Michigan News & Analysis

  • Court affirms right to rescind job offer for medical marijuana use

    The Michigan Court of Appeals affirmed a lower court's grant of summary judgment (dismissal without a trial) in favor of a public employer that rescinded a conditional employment offer arguably based on a positive drug test despite the assumption the candidate was in compliance with the Michigan Medical Marihuana Act (MMMA).

  • Know the legal issues you face when employees work past 65

    According to the Bureau of Labor Statistics (BLS), about one-third of Americans between the ages of 65 and 69 are still employed. That number has been steadily rising, and it's expected to reach 36 percent over the next five years.

  • R-E-S-P-E-C-T: Find out what it means to your employees

    Leadership is a two-way street, loyalty up and loyalty down. Respect for one's superiors; care for one's crew.

  • Recent developments in independent contractor determinations

    Using independent contractors can be helpful in reducing costs. Worker misclassification, however, places businesses at risk of costly litigation and intrusive government investigations. Below are some recent developments relating to independent contractors.

  • Why you shouldn't discipline employees for social media posts

    Q To what extent can I use what I find on social media, such as Facebook and Twitter, in disciplining employees.

  • Save the date!

    THE MURRAY LAW GROUP is holding its 2019 Immigration Law Seminar "Immigration 2019: What Is Going On?" on Friday, May 3, 2019, at the Auburn Hills Marriott Pontiac, 3600 Centerpoint Parkway, Pontiac, MI 48341. Please call (248) 540-8019 for more details.

  • Union Activity

    Teamsters challenge effort to preempt California meal, rest break requirements. The International Brotherhood of Teamsters in February challenged the U.S. Department of Transportation's (DOT) Federal Motor Carrier Safety Administration's decision to preempt California's meal and rest break rules. The International union, Teamsters Local 848, and individual truck drivers filed a petition for review with the U.S. 9th Circuit Court of Appeals. The DOT's decision would preempt California law that provides truck drivers with a 10-minute rest break after four hours of driving and a 30-minute meal break after five hours. "We are standing united in opposition to this decision," Teamsters General President Jim Hoffa said. "Highway safety for Teamster members and the public must never be put at risk just so that transportation corporations can eke out a little more profit." A preemption of California's law could affect members of Teamsters Local 848, which represents about 7,200 workers in Southern California, many of whom are commercial truck drivers.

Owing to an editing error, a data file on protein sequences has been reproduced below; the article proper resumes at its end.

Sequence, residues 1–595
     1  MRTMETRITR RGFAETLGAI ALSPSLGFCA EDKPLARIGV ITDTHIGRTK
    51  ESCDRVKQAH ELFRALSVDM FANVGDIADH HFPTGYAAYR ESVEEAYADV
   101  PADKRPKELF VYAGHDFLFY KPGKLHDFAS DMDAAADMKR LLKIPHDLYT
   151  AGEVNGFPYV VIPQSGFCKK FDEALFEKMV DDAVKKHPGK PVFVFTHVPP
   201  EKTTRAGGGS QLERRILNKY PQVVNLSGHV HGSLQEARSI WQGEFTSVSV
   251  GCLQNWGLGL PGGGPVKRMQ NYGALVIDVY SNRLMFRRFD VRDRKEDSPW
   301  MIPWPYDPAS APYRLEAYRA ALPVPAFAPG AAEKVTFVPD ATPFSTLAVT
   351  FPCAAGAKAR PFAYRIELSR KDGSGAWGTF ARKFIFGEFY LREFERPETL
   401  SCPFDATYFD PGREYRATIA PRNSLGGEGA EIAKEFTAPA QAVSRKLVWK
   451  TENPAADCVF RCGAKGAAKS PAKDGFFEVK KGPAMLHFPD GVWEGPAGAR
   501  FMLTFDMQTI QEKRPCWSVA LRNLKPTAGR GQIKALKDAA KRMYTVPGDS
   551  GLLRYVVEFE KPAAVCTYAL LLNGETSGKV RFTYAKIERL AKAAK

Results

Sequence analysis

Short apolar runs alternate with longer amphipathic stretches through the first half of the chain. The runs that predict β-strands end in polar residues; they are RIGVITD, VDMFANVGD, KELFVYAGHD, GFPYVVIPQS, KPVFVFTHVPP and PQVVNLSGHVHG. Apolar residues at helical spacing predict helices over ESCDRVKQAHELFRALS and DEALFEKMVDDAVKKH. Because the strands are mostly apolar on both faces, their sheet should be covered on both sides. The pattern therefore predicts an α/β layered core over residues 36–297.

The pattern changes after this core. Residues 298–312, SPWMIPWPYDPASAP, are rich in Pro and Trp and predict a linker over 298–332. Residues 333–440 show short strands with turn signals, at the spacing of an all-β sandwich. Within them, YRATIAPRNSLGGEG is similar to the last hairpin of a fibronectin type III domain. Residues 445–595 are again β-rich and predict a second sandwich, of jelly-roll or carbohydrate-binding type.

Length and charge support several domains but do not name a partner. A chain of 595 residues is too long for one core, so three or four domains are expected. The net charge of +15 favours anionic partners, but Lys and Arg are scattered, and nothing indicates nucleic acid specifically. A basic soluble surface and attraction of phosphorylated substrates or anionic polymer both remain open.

• Fines for H-1B wage violations

    Recently, the U.S. Department of Labor (DOL) ordered an employer to pay an H-1B employee all back wages owed because it had violated immigration laws concerning wage payments to H-1B workers. Employers that hire H-1B workers should be aware of the wage and pay requirements this classification entails.

  • Michigan's PWDCRA is distinguishable from federal ADA

    The Michigan Court of Appeals recently affirmed a lower court's dismissal of a lawsuit filed by an employee after she was terminated for refusing to return from medical leave even though she underwent an independent medical exam (IME) and was declared capable of returning to work. The lower court found the employee's requested accommodation of additional leave unreasonable, but the court of appeals stopped short of agreeing with that characterization, holding instead that an accommodation request in and of itself doesn't constitute protected activity under Michigan's disability discrimination law.

  • A treatment plan for negative online employee reviews

    The Wall Street Journal recently reported on its discovery that, after analyzing millions of online reviews of various companies by their current and former employees, it appeared that more than 400 employers might be gaming the system. Each of the companies experienced unusually large single-month increases in the number of reviews posted by their employees to the jobs website Glassdoor. The surges tended to be disproportionately positive not only for the months in which they occurred but also by comparison to the surrounding months. The clear implication was that someone in a position of authority at the companies had spearheaded a campaign to get employees to post positive reviews to the site in an effort to counteract the overwhelmingly negative ones already posted.